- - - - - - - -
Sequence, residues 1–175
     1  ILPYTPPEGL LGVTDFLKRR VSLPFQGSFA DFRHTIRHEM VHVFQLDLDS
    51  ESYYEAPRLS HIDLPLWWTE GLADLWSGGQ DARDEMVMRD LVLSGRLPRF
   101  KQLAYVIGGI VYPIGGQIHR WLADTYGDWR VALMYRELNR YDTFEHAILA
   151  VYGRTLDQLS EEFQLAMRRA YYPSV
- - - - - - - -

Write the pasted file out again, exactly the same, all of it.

Sequence, residues 1–175
     1  ILPYTPPEGL LGVTDFLKRR VSLPFQGSFA DFRHTIRHEM VHVFQLDLDS
    51  ESYYEAPRLS HIDLPLWWTE GLADLWSGGQ DARDEMVMRD LVLSGRLPRF
   101  KQLAYVIGGI VYPIGGQIHR WLADTYGDWR VALMYRELNR YDTFEHAILA
   151  VYGRTLDQLS EEFQLAMRRA YYPSV